Intelligence - the concept is fundamentally prospective.  Intelligence is about "seeing" possibility in the presence of uncertainty.  There is prior knowledge of two and two.  Intelligence is about putting two and two together.  Intelligence is exhibited by showing a possible result that other knowledgeable people don't see.

The two often interplay.  Expression of knowledge in a novel context requires intelligence, because it must be determined whether that knowledge is appropriate for the context and the appropriateness is uncertain.  Conversely, it is already in the definition that expression of intelligence requires some prior knowledge. That the two concepts interplay doesn't make them one and the same.  They are two different concepts.

From this there arises two questions.  a) How is new knowledge acquired?  We call this generation of new knowledge invention.  (Mindsets... talks about how Edison invented the light bulb.)  b) How is already confirmed knowledge transferred from an expert to a novice?  There seem to be two possible answers to question (b).  One is via imitation.  The apprentice imitates the master.  After enough training of this sort, the apprentice becomes a master.  The other possibility is that the novice behaves as an inventor-in-waiting.  The novice discovers the knowledge as if it were fundamentally new.  After all, the knowledge is new to the novice.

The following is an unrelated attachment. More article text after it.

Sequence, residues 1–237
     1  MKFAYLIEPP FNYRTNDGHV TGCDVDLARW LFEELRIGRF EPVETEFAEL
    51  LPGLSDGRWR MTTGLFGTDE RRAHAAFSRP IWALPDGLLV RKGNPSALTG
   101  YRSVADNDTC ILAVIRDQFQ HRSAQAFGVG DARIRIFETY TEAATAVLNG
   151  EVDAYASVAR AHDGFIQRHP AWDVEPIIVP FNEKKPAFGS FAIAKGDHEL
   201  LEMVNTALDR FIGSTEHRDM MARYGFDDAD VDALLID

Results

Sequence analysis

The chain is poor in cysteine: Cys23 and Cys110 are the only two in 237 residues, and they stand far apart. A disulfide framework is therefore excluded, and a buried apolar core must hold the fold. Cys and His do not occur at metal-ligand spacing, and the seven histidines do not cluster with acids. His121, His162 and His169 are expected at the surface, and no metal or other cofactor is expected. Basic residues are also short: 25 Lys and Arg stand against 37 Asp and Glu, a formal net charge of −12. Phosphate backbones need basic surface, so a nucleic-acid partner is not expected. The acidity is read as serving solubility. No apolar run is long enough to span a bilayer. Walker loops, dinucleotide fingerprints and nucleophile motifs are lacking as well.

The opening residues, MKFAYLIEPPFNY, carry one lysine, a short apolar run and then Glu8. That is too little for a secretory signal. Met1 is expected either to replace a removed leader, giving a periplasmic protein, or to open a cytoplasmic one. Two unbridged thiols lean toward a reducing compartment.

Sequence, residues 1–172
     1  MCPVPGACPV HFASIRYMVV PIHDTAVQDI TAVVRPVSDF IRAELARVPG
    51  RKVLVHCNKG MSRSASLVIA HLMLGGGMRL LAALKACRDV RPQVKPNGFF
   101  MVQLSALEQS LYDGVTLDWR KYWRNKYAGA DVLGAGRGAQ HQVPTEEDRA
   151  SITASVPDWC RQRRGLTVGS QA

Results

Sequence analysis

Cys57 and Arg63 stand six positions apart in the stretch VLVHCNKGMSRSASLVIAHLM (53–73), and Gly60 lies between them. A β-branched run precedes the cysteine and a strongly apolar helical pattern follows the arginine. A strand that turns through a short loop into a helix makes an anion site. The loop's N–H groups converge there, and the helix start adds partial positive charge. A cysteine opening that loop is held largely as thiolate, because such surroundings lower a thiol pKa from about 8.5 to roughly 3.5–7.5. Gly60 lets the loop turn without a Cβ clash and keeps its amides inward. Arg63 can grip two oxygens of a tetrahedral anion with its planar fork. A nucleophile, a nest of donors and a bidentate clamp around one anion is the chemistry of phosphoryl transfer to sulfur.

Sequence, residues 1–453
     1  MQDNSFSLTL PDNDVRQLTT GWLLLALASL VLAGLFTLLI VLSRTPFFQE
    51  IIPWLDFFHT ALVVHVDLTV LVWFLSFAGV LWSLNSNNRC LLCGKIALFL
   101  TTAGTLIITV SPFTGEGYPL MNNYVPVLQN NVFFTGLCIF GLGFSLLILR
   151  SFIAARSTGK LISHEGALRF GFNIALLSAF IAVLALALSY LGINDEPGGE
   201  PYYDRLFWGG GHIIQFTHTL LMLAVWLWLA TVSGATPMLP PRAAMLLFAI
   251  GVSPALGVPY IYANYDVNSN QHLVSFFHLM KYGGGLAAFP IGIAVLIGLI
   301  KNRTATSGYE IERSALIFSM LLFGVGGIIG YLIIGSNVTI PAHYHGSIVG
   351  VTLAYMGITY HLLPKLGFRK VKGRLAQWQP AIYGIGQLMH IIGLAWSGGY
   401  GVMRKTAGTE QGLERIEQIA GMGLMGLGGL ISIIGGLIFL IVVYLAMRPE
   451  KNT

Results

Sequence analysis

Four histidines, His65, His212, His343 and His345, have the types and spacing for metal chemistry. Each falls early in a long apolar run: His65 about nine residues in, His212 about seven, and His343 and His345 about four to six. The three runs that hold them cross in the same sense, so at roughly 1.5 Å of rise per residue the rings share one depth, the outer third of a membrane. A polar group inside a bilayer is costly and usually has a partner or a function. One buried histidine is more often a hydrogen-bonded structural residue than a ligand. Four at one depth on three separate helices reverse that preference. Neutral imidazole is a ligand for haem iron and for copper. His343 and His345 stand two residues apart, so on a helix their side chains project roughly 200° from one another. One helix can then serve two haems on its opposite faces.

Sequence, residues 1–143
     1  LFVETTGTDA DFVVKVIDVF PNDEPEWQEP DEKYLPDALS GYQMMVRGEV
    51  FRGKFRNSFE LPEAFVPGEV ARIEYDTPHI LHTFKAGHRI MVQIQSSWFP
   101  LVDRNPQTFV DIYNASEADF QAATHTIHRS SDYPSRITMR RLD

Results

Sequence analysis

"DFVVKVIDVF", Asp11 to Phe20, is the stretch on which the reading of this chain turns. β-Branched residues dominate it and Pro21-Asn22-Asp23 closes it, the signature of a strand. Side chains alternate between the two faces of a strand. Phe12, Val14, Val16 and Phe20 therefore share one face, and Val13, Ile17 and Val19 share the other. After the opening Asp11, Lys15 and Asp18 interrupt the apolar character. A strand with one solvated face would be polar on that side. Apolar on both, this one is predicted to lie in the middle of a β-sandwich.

The apprentice approach aims to establish competence in the novice, but it doesn't require expressions of intelligence.  One key component of the inventor-in-waiting approach is an expression of intelligence.  Learning this way requires expressions of intelligence on an on-going basis.  A third idea, related to the other two, is creativity.  As with the other two definitions, I will give my practitioner notion.

Creativity - the concept is distinct from intelligence but follows from it.  Intelligence is about generating the Aha! moment.  Creativity is about producing something useful, given the Aha.

Invention clearly requires both intelligence and creativity.  It also requires prior knowledge.  Otherwise there will be repetitions of reinventing the wheel.